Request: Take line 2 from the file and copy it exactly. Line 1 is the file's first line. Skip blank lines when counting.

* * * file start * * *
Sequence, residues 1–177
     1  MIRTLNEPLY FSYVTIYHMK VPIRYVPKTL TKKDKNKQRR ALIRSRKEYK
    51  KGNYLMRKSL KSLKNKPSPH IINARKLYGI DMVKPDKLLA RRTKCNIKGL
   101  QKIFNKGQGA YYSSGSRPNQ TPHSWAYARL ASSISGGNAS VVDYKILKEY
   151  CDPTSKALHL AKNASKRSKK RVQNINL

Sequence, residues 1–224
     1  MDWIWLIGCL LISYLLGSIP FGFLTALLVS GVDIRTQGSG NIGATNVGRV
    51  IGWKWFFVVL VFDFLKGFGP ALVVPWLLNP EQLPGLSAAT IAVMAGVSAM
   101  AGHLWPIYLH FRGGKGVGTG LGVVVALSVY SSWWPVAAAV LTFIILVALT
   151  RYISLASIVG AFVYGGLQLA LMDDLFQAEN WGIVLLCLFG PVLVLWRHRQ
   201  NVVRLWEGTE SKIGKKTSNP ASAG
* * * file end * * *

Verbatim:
     1  MIRTLNEPLY FSYVTIYHMK VPIRYVPKTL TKKDKNKQRR ALIRSRKEYK